Martin Luther King Essay, Research Paper
Brainard 1Craig BrainardMrs. RobinsonJunior Honors English8 January 1998Martin Luther King, Jr. Essay On August 28, 1963, Martin Luther King Junior stepped up to the dais in Washington D. C. to present one of the most celebrated and influential addresss of our clip. The crowd of over 200,000 listened to his & # 8220 ; I Have a Dream & # 8221 ; address, in which King attempted to convert people to populate together in peace and apprehension of one another. This was one of his many successful non-violent presentations.
Born in Atlanta, Georgia, on January 15, 1929, Martin Luther King Junior had ever been near to favoritism. At an early age, he, like many other black kids, was told to no longer play with his white friends. He was called a & # 8220 ; nigger & # 8221 ; on legion occasions. Despite these racial disabilities, King was admitted to Morehouse College at age 15, without finishing high school. He graduated from Morehouse in 1948 and, in 1955, received a Ph.D. in divinity from Boston University. As a sermonizer, he tried to convey the message of peaceable opposition to societal unfairnesss.
While working toward his Ph.D. in Boston, he met his future married woman, Coretta Scott. They had four kids ; two boies and two girls. Martin Luther III, Dexter Scott, Yolanda Denise, and Bernice Albertine were the & # 8220 ; fruits of their passion. & # 8221 ; King & # 8217 ; s dream was of a desegregated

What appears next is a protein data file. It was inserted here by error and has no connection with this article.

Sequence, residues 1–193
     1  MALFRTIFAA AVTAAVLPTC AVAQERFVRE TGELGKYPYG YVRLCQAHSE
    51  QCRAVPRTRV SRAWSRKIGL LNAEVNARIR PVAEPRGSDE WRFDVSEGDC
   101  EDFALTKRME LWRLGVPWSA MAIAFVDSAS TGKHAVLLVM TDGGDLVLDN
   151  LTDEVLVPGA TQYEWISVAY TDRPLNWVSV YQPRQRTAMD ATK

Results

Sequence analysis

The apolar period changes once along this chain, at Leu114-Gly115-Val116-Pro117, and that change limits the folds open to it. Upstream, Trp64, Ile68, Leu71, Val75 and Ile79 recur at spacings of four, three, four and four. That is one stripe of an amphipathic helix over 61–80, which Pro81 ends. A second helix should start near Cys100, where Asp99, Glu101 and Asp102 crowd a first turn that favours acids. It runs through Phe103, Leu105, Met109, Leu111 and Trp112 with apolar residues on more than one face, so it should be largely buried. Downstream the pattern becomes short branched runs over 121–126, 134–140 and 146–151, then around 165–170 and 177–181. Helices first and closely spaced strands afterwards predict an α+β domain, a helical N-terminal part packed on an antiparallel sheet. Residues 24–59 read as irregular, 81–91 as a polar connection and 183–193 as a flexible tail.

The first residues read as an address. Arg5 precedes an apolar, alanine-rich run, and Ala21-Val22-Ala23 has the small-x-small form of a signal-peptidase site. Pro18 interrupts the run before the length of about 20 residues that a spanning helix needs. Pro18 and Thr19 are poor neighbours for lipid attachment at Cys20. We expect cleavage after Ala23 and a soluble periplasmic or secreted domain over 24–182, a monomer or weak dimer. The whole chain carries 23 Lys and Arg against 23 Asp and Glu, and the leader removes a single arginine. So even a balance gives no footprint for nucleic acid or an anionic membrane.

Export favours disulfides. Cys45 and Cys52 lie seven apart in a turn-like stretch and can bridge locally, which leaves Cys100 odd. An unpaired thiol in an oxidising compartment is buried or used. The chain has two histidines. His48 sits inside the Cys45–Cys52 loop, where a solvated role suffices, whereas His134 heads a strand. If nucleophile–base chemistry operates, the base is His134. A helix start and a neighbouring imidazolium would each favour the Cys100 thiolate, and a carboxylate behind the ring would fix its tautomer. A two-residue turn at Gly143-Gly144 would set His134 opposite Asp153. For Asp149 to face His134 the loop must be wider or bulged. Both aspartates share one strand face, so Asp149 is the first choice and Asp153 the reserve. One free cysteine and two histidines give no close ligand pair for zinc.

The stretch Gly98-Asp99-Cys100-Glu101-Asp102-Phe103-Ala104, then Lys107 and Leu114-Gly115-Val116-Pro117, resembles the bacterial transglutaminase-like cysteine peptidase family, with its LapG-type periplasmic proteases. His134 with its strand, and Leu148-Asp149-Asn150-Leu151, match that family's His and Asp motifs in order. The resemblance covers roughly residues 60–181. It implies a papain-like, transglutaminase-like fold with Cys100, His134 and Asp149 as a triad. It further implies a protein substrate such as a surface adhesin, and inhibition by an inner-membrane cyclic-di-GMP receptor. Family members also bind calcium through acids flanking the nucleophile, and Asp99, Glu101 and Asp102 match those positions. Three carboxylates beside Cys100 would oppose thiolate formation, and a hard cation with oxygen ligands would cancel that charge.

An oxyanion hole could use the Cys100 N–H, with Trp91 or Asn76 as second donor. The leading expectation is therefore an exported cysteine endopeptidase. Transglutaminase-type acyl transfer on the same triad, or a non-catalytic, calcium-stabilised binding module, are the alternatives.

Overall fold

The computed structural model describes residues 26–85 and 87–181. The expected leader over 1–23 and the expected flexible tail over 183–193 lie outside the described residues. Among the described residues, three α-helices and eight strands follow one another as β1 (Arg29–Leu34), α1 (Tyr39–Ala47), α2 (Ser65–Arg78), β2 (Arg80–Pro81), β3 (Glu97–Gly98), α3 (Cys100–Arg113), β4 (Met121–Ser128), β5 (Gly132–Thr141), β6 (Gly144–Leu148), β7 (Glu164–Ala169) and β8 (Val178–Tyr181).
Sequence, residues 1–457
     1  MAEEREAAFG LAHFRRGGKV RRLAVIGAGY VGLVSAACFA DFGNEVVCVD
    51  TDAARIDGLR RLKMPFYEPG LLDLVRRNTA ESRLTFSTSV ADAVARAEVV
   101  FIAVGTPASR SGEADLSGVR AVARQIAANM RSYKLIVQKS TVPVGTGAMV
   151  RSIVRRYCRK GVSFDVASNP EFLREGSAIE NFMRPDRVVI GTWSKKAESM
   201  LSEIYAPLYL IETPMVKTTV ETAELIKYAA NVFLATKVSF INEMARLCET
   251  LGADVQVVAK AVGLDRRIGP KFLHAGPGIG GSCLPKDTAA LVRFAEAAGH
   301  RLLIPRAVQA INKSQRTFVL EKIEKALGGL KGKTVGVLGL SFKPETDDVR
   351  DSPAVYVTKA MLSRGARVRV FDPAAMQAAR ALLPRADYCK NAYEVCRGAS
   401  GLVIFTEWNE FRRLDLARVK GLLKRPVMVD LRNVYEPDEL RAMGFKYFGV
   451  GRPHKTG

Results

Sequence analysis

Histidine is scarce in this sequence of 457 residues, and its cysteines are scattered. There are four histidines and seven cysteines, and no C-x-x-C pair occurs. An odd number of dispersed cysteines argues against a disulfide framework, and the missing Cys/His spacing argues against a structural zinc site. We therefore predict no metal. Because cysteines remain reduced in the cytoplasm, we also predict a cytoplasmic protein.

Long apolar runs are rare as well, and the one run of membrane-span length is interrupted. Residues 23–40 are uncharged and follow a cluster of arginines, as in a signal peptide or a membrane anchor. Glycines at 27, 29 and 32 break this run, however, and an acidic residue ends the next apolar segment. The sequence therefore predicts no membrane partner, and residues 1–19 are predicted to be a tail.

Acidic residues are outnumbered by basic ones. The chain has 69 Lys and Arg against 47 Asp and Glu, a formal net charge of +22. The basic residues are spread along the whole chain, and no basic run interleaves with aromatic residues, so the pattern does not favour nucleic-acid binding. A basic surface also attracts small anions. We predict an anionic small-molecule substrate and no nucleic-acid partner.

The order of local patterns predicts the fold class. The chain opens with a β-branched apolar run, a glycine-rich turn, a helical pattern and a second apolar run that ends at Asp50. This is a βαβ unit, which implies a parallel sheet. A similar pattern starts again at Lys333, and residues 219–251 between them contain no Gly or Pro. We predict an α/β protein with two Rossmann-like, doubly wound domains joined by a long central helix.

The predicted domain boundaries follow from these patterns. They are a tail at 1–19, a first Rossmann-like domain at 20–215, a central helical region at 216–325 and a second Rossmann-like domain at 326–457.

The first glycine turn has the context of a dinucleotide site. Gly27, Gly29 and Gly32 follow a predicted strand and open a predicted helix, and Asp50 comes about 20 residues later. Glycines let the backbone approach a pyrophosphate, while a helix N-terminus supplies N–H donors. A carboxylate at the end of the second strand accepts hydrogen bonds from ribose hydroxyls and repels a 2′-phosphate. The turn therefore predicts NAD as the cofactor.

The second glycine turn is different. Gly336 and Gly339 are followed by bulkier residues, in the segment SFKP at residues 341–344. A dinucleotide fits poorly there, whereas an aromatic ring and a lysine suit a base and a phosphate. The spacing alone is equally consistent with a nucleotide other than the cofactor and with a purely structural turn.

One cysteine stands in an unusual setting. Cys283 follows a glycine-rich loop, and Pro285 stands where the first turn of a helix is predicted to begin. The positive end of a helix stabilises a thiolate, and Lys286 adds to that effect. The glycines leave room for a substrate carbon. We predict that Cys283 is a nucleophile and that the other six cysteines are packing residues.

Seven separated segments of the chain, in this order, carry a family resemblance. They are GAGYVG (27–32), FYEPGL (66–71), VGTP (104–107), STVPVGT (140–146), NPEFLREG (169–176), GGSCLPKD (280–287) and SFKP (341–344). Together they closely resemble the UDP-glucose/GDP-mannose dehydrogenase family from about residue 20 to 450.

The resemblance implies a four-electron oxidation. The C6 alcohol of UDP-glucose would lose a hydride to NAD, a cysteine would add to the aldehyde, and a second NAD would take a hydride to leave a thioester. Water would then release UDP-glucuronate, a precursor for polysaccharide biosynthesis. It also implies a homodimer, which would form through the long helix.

south. He studied the ways of his Indian counterpart, Gandhi, who also fought social injustices without throwing a punch or firing a shot. King was jailed several times, as was Gandhi, in his search for social equality. After a brief stint in prison, King became the youngest recipient of the Nobel Peace Prize. He also lead a march on Washington D. C. where he delivered his most famous speech, “I Have a Dream.” Some of the words of this speech follow.When we allow freedom’s ring, when we let it ring from every village and every hamlet, from every state and every city, we will be able to speed up that day, when all of God’s children, black men and white men, Jews and Gentiles, Protestants and Catholics, will be able to join hands, and sing in the words of the old Negro Spiritual: “Free at last, free at last. Thank God almighty, we are free at last!” Early in 1968, King traveled to Memphis, Tennessee to support a strike by poorly paid sanitation workers. There, on April fourth, he was assassinated by James Earl Ray. Ironically, his death prompted many violent riots from blacks in many southern cities. He was buried in his hometown of Atlanta, Georgia. Martin Luther King’s message was a simple one: Problems can be solved without the use of violence. His message should not be forgotten, nor should it be shunned. This January fifteenth, do something positive for yourself or your community.
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